What I Learned as a Church Planter: Lighten Up!

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Journaling
This post has been republished by the Exponential Network
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A journal is extremely useful… especially if you use it, and use it well. Meaning, it’s not just a place to capture your thoughts and experiences in the moment but something to come back to and reflect upon down the road. It’s a tool that can help you see marked change and transformation in your life, or just how much you haven’t changed. It can even be a tool to show you how much of a tool you were and continue to be…

Recently I’ve been reading through my journal entries for 2011 and 2012 (the last two of four years spent on the ground in San Francisco as a church planter/pastor type), I’ve been shocked at just how hard I was on myself. I mean, really hard (and that feels like an understatement.) They say that there’s no greater critic than oneself and although I’ve certainly lived up to that standard I couldn’t help but step back from my journals and say, “Dude, lighten up!”

Every church planter, every pastor knows that receiving criticism is a big part of the job, from “your sermon sucked,” to the people that want to critique minute details of your theology, to those that are offended you would suggest such a thing, to those that just want to harp on how you dress. Criticism is ever present, and as a lead pastor/church planter I received more criticism than I ever expected (it gave me a newfound respect for the senior pastors I’d worked for in the past). Nary a day went by that I didn’t have to deal with one form of criticism or another from congregants to staff to our venue through email, phone calls, text messages, or in-person ambushes… and that’s not a fun space to occupy. The worst part of it, however, is coming home and doing it to yourself all over again–hijacking the personal/sacred space of your journal to beat yourself up even more harshly.

I wish I could go back a few years and tell myself to lighten up, to not be so hard on myself, whether it was a failed sermon illustration or continually berating myself for my perceived lack of devotion to Jesus (which was borne out of owning overly unfair and harsh criticism from others). So, church planter/pastor here’s something I learned along the way, Stop fighting yourself. Stop beating yourself up. In fact, it reminds me of the scene in Fight Club (I am Jack’s Smirking Revenge) where Jack starts to beat himself up in his bosses office; that’s sort of what we’re doing to ourselves. We take enough body shots throughout the day from others, we don’t need to go home and continue the pounding. Stop fighting yourself; stop abusing yourself.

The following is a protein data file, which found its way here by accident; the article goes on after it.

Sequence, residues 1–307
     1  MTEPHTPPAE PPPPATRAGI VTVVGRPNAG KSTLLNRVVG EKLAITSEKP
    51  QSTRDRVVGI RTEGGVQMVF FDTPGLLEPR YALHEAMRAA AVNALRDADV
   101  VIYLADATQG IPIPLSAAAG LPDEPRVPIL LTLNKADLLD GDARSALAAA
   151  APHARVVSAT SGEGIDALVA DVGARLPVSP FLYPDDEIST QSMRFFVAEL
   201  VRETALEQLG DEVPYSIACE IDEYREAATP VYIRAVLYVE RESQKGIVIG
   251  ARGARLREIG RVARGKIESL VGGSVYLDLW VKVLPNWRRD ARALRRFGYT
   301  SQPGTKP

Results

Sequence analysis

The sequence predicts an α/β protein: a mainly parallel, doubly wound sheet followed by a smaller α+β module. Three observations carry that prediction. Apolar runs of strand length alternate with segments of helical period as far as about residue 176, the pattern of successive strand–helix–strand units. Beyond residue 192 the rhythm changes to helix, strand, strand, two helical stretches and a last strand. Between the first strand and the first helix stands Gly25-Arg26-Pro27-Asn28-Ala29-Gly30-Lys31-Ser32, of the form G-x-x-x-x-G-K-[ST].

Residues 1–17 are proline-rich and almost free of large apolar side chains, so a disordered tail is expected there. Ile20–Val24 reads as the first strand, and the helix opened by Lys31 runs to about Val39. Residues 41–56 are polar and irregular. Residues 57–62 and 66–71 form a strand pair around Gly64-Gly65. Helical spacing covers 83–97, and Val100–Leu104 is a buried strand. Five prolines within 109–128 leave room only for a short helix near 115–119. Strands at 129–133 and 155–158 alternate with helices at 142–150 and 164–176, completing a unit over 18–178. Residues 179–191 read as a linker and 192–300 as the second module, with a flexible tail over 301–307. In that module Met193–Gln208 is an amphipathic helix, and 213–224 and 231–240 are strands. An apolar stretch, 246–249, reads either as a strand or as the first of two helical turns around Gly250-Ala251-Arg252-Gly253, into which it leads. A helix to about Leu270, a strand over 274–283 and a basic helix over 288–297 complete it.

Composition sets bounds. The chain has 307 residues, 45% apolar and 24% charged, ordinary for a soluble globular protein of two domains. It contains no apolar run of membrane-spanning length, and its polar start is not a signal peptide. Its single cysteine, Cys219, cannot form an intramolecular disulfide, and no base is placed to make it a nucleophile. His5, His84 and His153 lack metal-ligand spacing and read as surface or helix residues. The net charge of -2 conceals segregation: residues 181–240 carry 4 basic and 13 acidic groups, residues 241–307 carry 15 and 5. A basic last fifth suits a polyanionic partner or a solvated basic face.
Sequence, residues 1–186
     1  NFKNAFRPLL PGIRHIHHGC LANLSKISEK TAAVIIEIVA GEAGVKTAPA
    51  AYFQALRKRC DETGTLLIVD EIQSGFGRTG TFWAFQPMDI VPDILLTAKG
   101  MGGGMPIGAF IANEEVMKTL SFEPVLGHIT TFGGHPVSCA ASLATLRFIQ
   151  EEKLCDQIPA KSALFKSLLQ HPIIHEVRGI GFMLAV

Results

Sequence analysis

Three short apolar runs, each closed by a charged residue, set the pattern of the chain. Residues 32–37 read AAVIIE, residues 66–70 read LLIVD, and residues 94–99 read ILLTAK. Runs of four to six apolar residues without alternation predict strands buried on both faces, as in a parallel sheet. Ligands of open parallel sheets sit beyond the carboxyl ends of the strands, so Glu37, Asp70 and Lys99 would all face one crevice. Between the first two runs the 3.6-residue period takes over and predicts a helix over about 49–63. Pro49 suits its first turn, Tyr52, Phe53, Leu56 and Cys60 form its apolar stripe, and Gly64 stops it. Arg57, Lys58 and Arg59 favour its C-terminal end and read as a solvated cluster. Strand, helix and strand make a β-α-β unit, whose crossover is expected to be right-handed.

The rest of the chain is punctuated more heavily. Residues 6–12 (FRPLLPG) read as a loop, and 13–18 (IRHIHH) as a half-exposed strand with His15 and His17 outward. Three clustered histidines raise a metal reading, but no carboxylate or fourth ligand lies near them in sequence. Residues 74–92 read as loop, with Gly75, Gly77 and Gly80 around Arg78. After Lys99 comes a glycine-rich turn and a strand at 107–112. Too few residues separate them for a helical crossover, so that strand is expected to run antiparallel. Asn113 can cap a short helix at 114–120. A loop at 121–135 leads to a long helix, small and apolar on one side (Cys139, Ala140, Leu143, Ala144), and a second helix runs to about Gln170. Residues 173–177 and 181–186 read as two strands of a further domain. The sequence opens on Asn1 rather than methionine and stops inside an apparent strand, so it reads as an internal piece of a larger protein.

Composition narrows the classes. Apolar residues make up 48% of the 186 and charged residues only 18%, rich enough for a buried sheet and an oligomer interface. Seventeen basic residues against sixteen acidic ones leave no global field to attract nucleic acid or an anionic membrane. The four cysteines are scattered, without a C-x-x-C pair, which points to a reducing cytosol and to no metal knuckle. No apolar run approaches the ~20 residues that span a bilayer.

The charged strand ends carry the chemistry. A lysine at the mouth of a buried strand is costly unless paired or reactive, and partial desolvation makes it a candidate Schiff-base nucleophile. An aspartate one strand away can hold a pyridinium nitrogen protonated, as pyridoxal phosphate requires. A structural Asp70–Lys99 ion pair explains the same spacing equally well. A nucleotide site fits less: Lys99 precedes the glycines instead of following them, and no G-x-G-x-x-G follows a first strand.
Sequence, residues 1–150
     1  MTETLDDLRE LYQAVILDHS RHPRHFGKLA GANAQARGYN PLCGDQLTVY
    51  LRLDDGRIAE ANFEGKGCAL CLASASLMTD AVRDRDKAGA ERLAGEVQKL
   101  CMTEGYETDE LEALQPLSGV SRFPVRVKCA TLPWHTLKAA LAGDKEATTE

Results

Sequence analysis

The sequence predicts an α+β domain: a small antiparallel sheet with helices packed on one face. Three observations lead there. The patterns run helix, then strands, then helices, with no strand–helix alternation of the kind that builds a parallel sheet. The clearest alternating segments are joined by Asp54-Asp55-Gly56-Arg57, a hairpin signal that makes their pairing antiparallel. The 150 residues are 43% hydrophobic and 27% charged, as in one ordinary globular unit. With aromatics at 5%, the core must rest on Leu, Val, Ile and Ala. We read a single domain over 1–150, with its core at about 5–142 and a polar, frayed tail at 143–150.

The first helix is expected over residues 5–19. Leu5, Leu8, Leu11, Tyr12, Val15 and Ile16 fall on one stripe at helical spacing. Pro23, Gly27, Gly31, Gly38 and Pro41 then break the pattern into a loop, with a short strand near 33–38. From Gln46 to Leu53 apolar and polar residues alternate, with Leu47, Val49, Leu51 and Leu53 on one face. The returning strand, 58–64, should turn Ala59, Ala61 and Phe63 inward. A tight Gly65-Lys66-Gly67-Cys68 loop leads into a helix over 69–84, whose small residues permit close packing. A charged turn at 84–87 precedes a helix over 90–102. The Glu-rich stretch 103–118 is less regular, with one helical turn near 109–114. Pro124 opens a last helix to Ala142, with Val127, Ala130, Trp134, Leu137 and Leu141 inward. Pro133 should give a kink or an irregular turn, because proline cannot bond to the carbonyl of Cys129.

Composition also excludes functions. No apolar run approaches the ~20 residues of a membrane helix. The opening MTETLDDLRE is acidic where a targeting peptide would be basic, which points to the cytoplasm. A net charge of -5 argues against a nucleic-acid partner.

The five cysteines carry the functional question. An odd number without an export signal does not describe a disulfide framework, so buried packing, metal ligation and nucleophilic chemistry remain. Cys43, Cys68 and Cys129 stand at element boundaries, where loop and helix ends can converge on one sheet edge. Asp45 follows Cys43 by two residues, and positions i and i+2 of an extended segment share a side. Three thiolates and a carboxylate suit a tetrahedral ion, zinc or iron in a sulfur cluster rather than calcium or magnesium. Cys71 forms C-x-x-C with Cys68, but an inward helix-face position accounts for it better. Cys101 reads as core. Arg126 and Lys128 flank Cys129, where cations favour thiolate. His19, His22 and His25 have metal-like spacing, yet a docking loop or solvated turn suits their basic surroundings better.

I know it’s easier said than done. I know that the weight and pressure you’re under is unbearable at times, especially when we continually remind ourselves: “I have to answer to God for this church someday…” And although that is true, can I just say that it is a completely unfair standard of perfection to place on your shoulders alone. There are a lot of others that have to answer for this church someday, not just you alone. All God asks of us is to be faithful: “Well done my good and faithful servant.”

So recapture your personal/sacred space. Recapture your head space and lighten up. Don’t be so hard on yourself, you’re doing just fine. Continue to be faithful and let God be God in the church he’s called you to lead.

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